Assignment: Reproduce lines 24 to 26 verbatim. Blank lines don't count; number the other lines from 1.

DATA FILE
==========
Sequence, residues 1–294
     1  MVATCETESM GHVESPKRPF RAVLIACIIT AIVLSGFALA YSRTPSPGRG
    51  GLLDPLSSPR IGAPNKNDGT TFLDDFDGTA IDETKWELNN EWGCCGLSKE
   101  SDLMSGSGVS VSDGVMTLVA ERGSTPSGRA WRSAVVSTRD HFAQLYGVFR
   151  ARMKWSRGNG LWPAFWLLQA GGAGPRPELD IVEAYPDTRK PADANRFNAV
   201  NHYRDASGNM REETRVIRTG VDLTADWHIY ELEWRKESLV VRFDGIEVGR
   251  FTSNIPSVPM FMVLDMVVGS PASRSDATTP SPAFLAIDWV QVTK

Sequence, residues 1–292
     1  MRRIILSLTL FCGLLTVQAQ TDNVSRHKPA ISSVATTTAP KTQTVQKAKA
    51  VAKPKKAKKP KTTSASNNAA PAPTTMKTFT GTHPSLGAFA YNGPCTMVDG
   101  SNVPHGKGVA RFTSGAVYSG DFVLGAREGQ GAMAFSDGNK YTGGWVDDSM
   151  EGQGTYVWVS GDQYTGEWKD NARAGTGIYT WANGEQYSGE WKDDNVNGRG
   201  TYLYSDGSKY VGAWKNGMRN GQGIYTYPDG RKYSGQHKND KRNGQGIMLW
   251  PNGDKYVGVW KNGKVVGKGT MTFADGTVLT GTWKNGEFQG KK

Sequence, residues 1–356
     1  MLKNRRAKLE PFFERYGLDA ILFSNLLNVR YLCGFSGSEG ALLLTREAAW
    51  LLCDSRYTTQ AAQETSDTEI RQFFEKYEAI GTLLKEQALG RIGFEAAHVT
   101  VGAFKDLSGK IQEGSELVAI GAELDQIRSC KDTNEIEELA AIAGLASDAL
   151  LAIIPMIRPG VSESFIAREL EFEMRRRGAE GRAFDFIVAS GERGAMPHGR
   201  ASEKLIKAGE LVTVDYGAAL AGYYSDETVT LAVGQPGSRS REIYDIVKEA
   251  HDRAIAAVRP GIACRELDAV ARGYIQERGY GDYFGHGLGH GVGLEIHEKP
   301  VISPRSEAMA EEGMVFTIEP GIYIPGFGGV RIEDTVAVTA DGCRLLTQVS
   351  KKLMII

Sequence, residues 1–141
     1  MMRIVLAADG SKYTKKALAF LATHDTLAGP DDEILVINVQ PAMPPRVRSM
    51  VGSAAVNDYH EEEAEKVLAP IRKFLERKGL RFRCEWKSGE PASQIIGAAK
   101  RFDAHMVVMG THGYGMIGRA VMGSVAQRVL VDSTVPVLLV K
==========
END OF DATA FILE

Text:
Sequence, residues 1–141
     1  MMRIVLAADG SKYTKKALAF LATHDTLAGP DDEILVINVQ PAMPPRVRSM
    51  VGSAAVNDYH EEEAEKVLAP IRKFLERKGL RFRCEWKSGE PASQIIGAAK